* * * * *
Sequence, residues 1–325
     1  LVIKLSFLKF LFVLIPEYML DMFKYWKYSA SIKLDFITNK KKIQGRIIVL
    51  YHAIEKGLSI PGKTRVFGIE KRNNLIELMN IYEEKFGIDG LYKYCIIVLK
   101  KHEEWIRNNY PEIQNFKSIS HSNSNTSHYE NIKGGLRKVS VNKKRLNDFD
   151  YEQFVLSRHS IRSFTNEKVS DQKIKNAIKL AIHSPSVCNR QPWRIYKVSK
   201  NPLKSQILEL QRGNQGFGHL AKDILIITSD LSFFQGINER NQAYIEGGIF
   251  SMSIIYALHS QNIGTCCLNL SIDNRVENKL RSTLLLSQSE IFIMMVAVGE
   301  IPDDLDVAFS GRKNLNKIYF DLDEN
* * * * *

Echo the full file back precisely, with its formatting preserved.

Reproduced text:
Sequence, residues 1–325
     1  LVIKLSFLKF LFVLIPEYML DMFKYWKYSA SIKLDFITNK KKIQGRIIVL
    51  YHAIEKGLSI PGKTRVFGIE KRNNLIELMN IYEEKFGIDG LYKYCIIVLK
   101  KHEEWIRNNY PEIQNFKSIS HSNSNTSHYE NIKGGLRKVS VNKKRLNDFD
   151  YEQFVLSRHS IRSFTNEKVS DQKIKNAIKL AIHSPSVCNR QPWRIYKVSK
   201  NPLKSQILEL QRGNQGFGHL AKDILIITSD LSFFQGINER NQAYIEGGIF
   251  SMSIIYALHS QNIGTCCLNL SIDNRVENKL RSTLLLSQSE IFIMMVAVGE
   301  IPDDLDVAFS GRKNLNKIYF DLDEN